From Blogs to Blockbusters

On Wednesday, MaryBeth, Angel, Nayanny, Michelle and I went up to the JCC for the “From Blogs to Blockbusters” event, which consisted of a conversation between Julie Powell and Gretchen Rubin, moderated by Abigail Pobgrebin.  Julie’s first blog, The Julie/Julia Project, got her a book deal and then a movie spin-off (Julie and Julia); she has a new blog and a new book, Cleaving, which she was promoting at the event.  Gretchen started a blog while she was working on her latest book, The Happiness Project – unlike Julie, she first started a book and then (because she was testing the idea that doing something that scares and challenges you will make you happier) she started a blog.

I’m not sure how interested the Jbloggers were in the digressions on marriage and discussions toward the end of the night, but the responses to the early questions about blogging were interesting to me, especially because (as you all know) I’ve been thinking A LOT about blogging lately – who reads them, what are they for, why do people write them, why do people read them, etc?  So here’s a breakdown of some of what I was able to take away from the talk:

(1) Blogs work well when they are inspirational, and have a framework that other people can follow.  Gretchen talked a lot about this regarding her project, which has inspired people to try their own happiness projects.

(2) Both insisted that blogging is easier if you build it into your routine, and try to write everyday (obviously I haven’t mastered this, as I am responding to the event two days after it happened!).  They both seemed to enjoy the self-discipline that blogging forced them to achieve.

(3) I was surprised that they both said they spent a lot of time making sure that they “wrote well” (or maybe I was just surprised that they admitted to self-editing and keeping posts for days trying to get them right).  I think this says a lot about the purpose of their blogs, as well as the audience — Gretchen makes a living writing and realizes that wherever she writes she better think about how she does it, since her product is part of her livelihood.  Likewise, although Julie kept insisting that she had no idea that she would ever get a book deal from blogging (and it’s true that in 2002 this was much rarer than it is today), she was also trying to make it as a writer somehow and must have realized in some way that the style was an important as the content.  Likewise, for people to want to follow a blog, I think it does have to be written well, although this designation is, of course, somewhat subjective.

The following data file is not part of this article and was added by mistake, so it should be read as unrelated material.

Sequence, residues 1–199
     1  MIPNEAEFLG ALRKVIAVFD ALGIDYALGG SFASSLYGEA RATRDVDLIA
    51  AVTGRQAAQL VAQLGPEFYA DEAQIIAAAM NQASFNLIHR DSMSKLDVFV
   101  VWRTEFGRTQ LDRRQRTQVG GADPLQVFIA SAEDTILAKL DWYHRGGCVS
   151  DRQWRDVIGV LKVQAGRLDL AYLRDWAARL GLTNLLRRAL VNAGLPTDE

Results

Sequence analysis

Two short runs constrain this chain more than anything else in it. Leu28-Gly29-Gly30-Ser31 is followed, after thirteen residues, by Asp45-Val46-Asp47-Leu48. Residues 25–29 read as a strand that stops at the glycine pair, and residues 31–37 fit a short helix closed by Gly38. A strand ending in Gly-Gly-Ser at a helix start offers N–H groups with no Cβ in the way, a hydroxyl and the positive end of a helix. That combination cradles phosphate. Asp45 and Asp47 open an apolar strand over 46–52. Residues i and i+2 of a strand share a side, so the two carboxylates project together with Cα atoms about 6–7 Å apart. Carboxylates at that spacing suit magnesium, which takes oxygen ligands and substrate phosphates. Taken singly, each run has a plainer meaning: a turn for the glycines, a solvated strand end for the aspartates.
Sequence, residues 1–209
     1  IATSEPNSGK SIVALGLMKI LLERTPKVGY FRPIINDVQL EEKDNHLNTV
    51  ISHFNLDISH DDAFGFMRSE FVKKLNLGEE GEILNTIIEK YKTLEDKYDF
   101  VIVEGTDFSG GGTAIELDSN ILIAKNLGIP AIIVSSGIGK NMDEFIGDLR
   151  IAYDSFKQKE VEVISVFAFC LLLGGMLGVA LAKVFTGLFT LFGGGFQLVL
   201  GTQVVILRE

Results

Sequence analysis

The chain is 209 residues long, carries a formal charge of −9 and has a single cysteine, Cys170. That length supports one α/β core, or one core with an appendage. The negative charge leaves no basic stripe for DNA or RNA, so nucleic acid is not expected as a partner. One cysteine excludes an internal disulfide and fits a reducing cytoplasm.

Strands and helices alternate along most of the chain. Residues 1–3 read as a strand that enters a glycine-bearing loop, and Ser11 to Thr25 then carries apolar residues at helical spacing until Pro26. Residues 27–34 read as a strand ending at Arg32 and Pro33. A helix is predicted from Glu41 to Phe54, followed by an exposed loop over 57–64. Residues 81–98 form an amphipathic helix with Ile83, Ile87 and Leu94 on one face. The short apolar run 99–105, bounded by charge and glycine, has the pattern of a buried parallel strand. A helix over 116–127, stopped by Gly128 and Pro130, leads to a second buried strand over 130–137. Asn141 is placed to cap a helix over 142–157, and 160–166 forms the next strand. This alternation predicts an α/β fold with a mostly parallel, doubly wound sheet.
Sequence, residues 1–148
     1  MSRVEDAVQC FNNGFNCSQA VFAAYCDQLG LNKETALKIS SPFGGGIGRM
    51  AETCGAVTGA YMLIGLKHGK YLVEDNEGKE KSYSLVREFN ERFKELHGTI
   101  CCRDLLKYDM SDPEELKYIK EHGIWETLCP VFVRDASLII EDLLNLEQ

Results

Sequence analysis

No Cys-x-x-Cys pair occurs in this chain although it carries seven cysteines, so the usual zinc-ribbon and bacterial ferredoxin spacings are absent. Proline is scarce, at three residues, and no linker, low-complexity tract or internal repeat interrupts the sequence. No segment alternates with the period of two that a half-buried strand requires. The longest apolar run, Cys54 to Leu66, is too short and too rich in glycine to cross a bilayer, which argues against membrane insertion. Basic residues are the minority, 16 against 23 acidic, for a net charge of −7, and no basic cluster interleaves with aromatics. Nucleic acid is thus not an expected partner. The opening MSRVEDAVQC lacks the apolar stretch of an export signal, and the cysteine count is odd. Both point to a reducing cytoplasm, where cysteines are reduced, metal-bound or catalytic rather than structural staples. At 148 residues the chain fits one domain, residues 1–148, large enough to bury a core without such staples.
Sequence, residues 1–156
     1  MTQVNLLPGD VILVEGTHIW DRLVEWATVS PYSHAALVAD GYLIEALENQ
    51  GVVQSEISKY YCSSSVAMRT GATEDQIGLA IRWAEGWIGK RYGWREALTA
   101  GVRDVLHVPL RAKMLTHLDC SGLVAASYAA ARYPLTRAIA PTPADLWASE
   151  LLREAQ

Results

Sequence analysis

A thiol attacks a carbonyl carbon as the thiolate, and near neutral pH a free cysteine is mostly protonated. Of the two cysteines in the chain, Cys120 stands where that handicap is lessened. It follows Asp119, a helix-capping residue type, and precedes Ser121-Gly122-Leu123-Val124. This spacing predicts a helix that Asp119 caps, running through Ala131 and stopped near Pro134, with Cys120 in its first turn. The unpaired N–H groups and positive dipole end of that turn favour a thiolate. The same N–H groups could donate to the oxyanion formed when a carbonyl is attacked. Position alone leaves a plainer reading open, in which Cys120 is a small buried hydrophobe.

(4) Both bloggers emphasized that the subject of the blog is THE most important reason that people come back and read it, and I don’t think they were just being modest.  They both said that the subject has to be “bloggable” – which kind of goes back to what they were saying about it being inspirational.  Gretchen also discussed the informative content of her blog – people seem to want information about happiness.  I was interested in this notion of “bloggability” because that’s really what we have been discussing with the various Jblogger sites and their themes.